LuxAnthropy, a Los Angeles-based online consignment store, resells high fashion from the wardrobes of celebrities and TV and film productions and donates part of the proceeds to charity.
It’s the kind of online resale boutique fashionistas dream about: Giambattista Valli pants from Elizabeth Hurley’s closet. Zac Posen gowns for less than $200. Vintage Chanel, Bottega Veneta and Louis Vuitton handbags.
Called LuxAnthropy, it’s an L.A.-based online consignment store that offers sellers and shoppers an eco-friendly marketplace for high fashion pieces. But, as you might have deduced from the name – a mashup of “luxury” and “philanthropy” – it supports more than just sustainable shopping: It also allows sellers to donate a portion of their proceeds to their favorite charity.
“Being at the forefront of where environment, fashion, philanthropy and sustainability all dovetail and intersect is what we’re excited about,” says co-founder Jennifer Mann Hillman.
Hillman and Lisa Eisler established the company in 2017. Hillman, a communications, marketing and philanthropic executive, and Eisler, a costume designer who has been a lead stylist for multiple TV shows, wanted to create a place where people could upcycle clothes from their closets while also supporting charities they’re passionate about.
As with other upscale consignment websites, sellers send items in to be priced and posted. They also designate the percentage of the sale price that will be donated to a charity of their choice. LuxAnthropy donates 5 percent of their proceeds from the sale to that same charity, as well.
Shoppers can read the name of the charity the item supports in the description of the piece. Proceeds from a recently sold Jil Sander chocolate brown cashmere coat, for instance, went to the Breast Cancer Research Foundation, while the sale of a pair of shimmery gray Christian Louboutin pumps benefited the St. Jude Children’s Research Hospital.
Though the minimum percentage for sellers to donate is 5 percent, Hillman said that more than half of sellers choose to donate 100 percent of their commission to their selected charity. Still, she stresses, any amount is appreciated.
“We wanted to create a place where people could give the amount that makes sense for their personal lifestyle,” Hillman says.
Given the types of items they sell, LuxAnthropy takes care to determine that the pieces on their site are genuine. They work with outside organizations to authenticate clothing, bags and shoes before pricing, styling, photographing and listing them. “We wanted to make sure that everything that we were selling was just as we were describing it,” Hillman says.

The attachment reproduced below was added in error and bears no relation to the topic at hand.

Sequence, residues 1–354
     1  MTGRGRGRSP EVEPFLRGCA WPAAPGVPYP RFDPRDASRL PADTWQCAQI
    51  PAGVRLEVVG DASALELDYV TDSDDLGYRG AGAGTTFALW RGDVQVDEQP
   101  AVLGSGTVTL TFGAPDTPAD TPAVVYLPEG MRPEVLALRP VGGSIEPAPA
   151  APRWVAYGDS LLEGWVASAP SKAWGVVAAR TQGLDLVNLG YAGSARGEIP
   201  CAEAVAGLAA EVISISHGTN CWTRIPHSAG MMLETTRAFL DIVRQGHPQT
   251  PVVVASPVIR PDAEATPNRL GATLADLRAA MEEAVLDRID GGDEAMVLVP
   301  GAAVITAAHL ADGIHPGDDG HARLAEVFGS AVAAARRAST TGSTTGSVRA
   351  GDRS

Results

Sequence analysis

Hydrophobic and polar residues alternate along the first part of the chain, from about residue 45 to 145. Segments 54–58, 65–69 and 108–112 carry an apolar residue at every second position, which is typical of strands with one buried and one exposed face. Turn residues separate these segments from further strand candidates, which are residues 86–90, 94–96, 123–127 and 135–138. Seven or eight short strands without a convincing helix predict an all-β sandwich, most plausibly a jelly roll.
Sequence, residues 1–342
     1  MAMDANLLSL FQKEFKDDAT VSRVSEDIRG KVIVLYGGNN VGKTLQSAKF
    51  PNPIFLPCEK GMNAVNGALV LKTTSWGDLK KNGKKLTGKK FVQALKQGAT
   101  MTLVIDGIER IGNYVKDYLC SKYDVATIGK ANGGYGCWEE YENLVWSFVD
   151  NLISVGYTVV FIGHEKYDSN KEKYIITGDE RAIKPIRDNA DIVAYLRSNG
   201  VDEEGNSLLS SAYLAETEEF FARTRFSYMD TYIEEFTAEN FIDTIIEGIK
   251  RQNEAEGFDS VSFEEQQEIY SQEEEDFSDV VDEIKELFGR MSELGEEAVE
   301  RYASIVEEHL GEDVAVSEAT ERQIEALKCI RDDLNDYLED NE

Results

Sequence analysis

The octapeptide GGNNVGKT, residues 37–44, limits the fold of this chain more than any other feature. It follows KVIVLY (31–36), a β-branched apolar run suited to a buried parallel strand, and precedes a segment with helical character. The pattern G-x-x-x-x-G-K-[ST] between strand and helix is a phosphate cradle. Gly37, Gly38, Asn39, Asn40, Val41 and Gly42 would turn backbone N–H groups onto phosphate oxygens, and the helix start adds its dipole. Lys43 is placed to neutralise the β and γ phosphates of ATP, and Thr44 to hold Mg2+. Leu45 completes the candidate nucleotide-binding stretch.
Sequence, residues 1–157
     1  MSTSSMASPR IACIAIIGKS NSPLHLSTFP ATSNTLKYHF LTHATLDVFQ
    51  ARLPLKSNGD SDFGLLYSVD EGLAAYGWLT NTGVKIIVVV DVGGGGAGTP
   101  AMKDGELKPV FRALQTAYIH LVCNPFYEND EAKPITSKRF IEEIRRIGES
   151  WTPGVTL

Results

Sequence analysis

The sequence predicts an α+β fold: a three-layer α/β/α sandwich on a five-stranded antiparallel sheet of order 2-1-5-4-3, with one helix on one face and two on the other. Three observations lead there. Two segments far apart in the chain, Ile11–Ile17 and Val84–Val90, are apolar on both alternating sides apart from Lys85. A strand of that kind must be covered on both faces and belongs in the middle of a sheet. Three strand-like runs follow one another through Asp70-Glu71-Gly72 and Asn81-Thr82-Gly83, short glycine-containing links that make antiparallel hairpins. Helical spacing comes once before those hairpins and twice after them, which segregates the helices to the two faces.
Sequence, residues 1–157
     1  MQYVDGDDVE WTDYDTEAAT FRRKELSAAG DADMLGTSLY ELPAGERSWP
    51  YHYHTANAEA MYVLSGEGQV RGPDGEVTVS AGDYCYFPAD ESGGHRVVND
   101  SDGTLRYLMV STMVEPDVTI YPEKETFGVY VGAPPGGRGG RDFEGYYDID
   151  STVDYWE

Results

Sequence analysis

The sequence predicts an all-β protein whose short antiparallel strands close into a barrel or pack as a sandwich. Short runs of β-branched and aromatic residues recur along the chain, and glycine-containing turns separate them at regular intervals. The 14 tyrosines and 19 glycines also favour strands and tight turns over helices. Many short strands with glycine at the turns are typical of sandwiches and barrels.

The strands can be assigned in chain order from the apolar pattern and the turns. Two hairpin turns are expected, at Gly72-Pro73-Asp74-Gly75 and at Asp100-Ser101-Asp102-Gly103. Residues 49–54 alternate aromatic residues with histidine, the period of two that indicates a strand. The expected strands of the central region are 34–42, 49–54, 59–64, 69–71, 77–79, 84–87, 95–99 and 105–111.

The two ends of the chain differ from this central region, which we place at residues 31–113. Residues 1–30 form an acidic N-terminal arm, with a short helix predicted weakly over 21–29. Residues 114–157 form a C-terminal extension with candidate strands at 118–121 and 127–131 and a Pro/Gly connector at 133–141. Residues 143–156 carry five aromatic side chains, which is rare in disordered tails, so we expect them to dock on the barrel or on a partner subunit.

LuxAnthropy has also worked hard to build their reputation and relationship with charities. The first charity they partnered with was the Breast Cancer Research Foundation.
“They really took a risk on us,” Hillman says. “But they loved our idea, and they didn’t know why it wasn’t being done already.”
Now, LuxAnthropy is aligned with almost 30 global, national and local charities with a variety of causes. “From our point of view, there’s no area that we don’t want to reach,” she says.
That goes for their green initiatives, as well. Recently, they were listed as an approved vendor in the Producers Guild of America Green Production Guide, which provides TV and movie studios with tools and resources to reduce the environmental footprint of their productions.
LuxAnthropy works with the studios to sell wardrobe items from a production and donate the proceeds to a charity that aligns with the studio’s mission or the production’s message. For instance, clothing, shoes and purses from “The Prom” film are currently for sale on the site, with proceeds going to Children Mending Hearts, a nonprofit organization that combats bullying by inspiring empathy in children through art and service-learning opportunities.
“It’s an exciting new space that we’re in, and we think it really aligns well with the DNA of our company,” Hillman says.
The fashion pieces from a film or TV set may not be designer, but many shoppers will jump at the chance to own something that was a part of a movie or show they loved.
“That’s the whole idea about upcycling: that you’re excited to have it in your closet and pull it out and wear it multiple times,” she says. “And then maybe when you’re done with it, you upcycle it to someone else.”